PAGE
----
Why would Ramsay need to torture that information from anyone? Ramsay isn't looking to make the letter look like it was written by Mance. None of the language used in the letter is actually exclusive to Mance, and to believe so is to have such a strong bias towards the Mance theory that one ignores the fact that 1) the series is written by one person and will inevitably have phrasal/stylistic repetition even between different characters, and 2) literally any character can use the language you've cited. Mance is not the first human to threaten to cut someone's heart out. Mance has not only never actually used the phrase "for all the north to see," but he certainly doesn't have the phrase trademarked, either. Most characters have called Jon a bastard. Plenty of other characters have talked about cloaks, and if Ramsay actually did make a cloak out of the washerwomen's skins, what else is he supposed to call it? Should Martin not use the word "cloak" just in case readers jump to wild conclusions just because a cloak was important to Mance once? Ramsay probably wants to avoid alternative authorities in the North. He probably doesn't understand the dynamic of wildlings, and so assumes that Val and Mance's baby are "heirs" of sorts. Selyse and Shireen are the same, and, more importantly, they're noble and could theoretically raise swords to come fight him eventually. Better to nip that shit in the bud. The term "crow" is not used exclusively by wildlings at all, and is it really so far a stretch to believe someone in the south would have the "imagination" to add black to that nickname? They're called "black brothers" they "take the black," they wear all black. It's not as though this is the greatest leap, here.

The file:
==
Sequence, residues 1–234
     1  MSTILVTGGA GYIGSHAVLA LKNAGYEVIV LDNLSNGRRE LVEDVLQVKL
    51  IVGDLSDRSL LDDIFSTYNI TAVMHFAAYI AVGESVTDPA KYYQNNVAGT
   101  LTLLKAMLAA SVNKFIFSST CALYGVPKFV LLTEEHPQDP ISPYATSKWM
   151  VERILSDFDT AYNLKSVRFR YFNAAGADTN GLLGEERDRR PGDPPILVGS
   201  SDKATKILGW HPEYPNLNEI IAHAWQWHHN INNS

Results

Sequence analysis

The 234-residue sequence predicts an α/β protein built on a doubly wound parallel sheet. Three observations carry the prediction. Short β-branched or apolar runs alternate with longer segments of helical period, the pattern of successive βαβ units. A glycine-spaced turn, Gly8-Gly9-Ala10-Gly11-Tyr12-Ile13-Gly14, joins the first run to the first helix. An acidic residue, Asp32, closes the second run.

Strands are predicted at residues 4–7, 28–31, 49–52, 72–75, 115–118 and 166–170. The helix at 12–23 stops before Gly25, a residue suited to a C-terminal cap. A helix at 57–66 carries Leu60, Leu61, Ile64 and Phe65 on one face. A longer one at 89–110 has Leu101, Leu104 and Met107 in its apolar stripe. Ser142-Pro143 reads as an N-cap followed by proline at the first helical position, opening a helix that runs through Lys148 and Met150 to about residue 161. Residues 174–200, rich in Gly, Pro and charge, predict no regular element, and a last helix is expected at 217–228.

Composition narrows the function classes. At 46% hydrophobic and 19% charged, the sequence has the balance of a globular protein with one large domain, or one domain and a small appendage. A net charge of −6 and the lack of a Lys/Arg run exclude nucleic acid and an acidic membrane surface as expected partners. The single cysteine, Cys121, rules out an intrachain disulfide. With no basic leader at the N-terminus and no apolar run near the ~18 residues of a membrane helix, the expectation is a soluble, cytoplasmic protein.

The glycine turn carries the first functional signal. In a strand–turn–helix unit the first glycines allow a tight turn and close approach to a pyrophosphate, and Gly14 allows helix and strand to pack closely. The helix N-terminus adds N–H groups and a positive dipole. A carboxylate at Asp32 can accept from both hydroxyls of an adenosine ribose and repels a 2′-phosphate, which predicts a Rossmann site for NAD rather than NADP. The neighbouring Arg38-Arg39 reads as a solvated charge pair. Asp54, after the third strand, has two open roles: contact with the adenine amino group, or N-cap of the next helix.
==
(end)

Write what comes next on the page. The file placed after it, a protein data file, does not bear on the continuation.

Theme: a central topic in a story. The main theme of Jon's story is duty. I believe it was three-eyed monkey who said that what I cited as theme was related to character arc, but not theme. Which ignores how character arc acts in direct service to theme, but that's probably because I worded my original comment poorly.